It’s been a slow and steady hand driving American Giant.
The San Francisco basics firm, which produces its men’s and women’s line in the U.S., has made a point of marketing itself as the antithesis of most e-commerce brands out there. The company, which sells only direct-to-consumer (save for a recent six-week holiday collaboration with Bloomingdale’s) hasn’t taken venture capital money, has no plans to build out a wholesale business and seems disinterested in brick-and-mortar retail, at least for the moment. It has instead kept its head down focusing on the rollout of new categories, the most recent of which is this week’s launch of dresses.
The rollout is modest at three stockkeeping units: a tank dress retailing for $48.50, T-shirt-inspired dress for $59 and maxidress for $69. All three are composed of slub fabric made in the Carolinas and cut and sewn at a third-party factory in Los Angeles.
The next three years will see continued expansion into categories such as accessories and bags.
“I think that we really feel like what we’re tapping into is a real desire for customers to have an apparel brand that is choosing to do things differently in the industry,” founder and chief executive officer Bayard Winthrop said. “It is important culturally and from a product standpoint, so I think with that point of view, we believe we have opportunity in a whole bunch of categories.”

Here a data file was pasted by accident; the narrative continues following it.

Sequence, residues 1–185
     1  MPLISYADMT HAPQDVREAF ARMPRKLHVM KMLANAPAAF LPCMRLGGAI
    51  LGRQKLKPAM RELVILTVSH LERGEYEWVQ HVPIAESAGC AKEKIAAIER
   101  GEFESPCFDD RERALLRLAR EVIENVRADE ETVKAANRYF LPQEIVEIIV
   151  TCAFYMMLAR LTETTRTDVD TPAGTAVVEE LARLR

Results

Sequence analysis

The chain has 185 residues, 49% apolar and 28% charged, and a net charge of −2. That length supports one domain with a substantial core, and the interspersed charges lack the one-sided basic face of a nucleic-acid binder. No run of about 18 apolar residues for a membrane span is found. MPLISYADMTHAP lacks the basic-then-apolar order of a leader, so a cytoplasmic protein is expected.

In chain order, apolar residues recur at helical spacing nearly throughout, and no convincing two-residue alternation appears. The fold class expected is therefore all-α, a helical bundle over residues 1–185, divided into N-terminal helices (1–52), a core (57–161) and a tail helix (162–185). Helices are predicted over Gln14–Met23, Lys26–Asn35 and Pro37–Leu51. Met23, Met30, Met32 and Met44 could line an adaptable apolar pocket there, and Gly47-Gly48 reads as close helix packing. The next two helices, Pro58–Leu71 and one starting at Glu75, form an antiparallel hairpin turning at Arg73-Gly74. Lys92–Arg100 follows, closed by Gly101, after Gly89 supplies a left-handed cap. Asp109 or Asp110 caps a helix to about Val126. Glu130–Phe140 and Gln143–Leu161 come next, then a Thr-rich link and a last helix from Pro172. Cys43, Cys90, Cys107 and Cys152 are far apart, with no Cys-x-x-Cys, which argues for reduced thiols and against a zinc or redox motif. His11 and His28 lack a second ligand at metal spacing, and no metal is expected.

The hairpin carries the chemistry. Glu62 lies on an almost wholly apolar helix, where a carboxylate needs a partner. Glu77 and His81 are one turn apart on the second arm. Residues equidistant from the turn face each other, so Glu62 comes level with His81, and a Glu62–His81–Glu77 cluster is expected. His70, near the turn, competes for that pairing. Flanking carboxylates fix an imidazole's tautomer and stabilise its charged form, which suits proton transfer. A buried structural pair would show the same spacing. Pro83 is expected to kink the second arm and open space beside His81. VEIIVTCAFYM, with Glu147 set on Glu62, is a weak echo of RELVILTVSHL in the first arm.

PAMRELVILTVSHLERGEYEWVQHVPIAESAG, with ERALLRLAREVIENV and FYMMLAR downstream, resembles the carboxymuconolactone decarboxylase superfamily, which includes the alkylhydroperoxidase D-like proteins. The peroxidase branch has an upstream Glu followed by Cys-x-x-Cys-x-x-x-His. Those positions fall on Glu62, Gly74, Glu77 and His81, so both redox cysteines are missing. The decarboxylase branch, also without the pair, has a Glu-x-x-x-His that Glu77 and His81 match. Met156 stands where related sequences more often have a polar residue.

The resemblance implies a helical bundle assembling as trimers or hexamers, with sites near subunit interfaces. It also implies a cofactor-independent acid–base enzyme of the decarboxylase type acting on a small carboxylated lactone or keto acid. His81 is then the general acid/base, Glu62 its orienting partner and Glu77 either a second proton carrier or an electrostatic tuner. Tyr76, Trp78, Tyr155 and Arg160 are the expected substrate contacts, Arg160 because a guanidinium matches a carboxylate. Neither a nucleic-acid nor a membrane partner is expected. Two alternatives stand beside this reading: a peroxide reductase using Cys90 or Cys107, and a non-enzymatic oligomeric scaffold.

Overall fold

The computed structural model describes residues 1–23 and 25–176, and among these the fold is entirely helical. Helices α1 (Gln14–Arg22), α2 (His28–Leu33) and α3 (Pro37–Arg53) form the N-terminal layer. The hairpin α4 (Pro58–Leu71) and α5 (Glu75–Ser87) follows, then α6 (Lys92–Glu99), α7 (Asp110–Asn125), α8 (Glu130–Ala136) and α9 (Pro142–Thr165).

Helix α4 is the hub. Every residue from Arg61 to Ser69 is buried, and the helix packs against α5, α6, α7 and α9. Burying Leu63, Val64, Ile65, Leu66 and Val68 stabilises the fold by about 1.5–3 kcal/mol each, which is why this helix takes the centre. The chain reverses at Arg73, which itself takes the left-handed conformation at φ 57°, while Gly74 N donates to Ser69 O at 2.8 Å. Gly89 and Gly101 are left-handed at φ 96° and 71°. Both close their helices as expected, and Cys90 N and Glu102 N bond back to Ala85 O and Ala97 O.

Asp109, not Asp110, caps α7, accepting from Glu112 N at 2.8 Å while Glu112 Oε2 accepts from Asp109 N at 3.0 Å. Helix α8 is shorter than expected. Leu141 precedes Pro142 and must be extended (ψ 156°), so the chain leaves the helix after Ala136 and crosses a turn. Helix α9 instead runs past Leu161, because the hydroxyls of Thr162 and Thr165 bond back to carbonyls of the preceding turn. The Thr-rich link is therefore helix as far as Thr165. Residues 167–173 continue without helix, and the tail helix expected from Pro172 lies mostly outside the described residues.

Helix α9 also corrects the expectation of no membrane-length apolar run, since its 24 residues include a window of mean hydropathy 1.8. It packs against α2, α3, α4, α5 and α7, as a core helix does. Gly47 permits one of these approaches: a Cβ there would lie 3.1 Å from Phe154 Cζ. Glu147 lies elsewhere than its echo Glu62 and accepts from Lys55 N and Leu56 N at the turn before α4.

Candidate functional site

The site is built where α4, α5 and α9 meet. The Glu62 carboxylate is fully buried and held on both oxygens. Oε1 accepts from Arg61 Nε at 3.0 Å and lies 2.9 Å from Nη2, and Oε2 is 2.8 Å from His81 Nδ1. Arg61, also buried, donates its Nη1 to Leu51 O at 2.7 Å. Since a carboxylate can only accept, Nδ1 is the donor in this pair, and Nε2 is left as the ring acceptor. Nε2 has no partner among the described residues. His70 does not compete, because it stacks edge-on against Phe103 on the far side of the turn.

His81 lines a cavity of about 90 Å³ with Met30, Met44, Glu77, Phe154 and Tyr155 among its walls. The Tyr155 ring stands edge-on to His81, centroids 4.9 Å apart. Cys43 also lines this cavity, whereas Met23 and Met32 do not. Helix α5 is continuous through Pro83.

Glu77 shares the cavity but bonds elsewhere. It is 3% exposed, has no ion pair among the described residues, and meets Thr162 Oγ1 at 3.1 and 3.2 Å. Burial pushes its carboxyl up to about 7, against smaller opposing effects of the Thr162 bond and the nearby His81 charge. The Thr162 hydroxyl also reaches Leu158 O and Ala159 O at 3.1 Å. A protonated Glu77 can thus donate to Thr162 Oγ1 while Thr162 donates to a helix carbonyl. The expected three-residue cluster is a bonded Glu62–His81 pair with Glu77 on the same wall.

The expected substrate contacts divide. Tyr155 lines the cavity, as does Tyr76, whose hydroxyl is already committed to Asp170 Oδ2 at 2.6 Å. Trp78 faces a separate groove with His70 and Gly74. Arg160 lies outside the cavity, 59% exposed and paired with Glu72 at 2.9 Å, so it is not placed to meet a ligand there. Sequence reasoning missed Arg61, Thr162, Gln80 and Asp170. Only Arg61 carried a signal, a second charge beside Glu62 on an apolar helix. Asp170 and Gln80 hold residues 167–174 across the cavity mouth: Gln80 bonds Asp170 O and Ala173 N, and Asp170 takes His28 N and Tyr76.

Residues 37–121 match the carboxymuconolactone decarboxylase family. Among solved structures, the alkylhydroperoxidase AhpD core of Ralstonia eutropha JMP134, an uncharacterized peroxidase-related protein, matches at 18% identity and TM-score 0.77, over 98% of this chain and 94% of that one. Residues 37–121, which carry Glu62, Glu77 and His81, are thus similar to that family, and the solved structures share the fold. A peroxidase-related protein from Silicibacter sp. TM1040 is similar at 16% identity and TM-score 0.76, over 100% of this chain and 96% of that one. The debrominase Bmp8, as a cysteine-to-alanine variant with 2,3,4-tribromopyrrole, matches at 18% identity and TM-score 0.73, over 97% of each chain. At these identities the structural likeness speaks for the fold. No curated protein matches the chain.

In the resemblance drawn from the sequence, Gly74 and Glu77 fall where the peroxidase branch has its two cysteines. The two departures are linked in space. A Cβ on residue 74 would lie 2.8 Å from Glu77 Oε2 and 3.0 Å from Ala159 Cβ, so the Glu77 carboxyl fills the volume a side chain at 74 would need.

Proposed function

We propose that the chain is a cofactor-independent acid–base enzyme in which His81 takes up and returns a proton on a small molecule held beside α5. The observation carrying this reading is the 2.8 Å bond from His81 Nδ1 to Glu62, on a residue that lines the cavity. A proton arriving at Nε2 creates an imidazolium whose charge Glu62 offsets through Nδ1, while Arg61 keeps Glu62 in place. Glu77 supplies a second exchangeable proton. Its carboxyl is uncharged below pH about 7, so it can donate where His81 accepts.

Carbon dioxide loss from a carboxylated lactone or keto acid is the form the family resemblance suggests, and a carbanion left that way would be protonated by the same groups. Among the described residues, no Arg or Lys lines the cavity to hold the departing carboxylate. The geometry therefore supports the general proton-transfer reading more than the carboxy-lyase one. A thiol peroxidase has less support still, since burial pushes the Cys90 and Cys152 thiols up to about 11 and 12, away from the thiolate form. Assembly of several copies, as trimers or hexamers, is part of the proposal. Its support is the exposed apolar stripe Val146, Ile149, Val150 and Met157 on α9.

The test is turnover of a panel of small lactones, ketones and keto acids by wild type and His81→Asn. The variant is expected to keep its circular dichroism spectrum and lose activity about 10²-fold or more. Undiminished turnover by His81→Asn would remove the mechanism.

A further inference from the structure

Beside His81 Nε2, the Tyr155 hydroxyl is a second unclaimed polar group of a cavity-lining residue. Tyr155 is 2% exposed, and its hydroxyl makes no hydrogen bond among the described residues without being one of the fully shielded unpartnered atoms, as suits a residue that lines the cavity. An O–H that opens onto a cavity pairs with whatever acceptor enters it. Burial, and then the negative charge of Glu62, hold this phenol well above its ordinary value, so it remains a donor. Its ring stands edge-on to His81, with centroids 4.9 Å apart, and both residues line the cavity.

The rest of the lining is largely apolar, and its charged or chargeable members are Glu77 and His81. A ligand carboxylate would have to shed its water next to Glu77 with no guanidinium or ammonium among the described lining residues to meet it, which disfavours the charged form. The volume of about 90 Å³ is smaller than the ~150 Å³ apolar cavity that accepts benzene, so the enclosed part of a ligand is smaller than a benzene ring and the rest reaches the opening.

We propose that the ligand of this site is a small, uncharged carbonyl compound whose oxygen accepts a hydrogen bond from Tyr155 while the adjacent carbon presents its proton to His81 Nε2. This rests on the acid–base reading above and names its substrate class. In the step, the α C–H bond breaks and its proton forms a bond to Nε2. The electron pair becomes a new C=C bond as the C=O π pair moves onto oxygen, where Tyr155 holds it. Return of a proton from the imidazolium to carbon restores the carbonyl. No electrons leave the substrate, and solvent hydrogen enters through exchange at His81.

The strategy entails a few things, the keys being that products are American made at a price point that doesn’t limit the brand to selling only to high-end boutiques, the executive said.
American Giant, launched in 2012, has gained traction with its domestic manufacturing story. It’s difficult to gauge just how large the business is. The privately-held company doesn’t disclose revenue, although Winthrop said sales have been nearly doubling every year, with 2017 “off to a very strong start.” The ceo also pointed to the three factories the company owns in the Carolinas, where two-and-a-half years ago it had none.
On the subject of profitability before interest, taxes, depreciation and amortization, Winthrop said there’s a good point to be made there as it relates to the brand and how the business is being built.
“We think about growth in a pretty narrow way, which is that we want to acquire our customers profitably and by profitably, [we mean] we want to have a high degree of probability that they’re going to be profitable for us,” he said. “We are happily losing money now, but it is within our control. It’s something we’re deciding to do and so that’s an important distinction in our mind.”
Another important point is the lack of interest in a wholesale business — beyond anything akin to what the company did with Bloomingdale’s, nor is there interest in selling to the imprintables market.
“We just think the wholesale channel is having some pretty profound and fundamental challenges with it that aren’t going away,” Winthrop said. “I’m pretty allergic to wholesale.”
The company has a physical store at its San Francisco headquarters, but even growing that channel is something that’s not at the top of the list of priorities. Winthrop acknowledged interest in physical retail as a way to the tell the brand’s story.
“I am not one of those people that thinks retail is going away. I think the days of 300, 400, 500 stores are pretty much over, but I think there will be an ongoing need for retail,” he said. “We feel like we’re doing something pretty important. When everyone else in the room decided to bolt and go overseas, we decided to go a different way.”
Does that mean more American Giant stores some time soon?
“We’re just frankly too busy with our current business to think about that at the moment,” Winthrop said. “There’s a time where we will, but even then I think that looks like 10, 20, 30 stores.”
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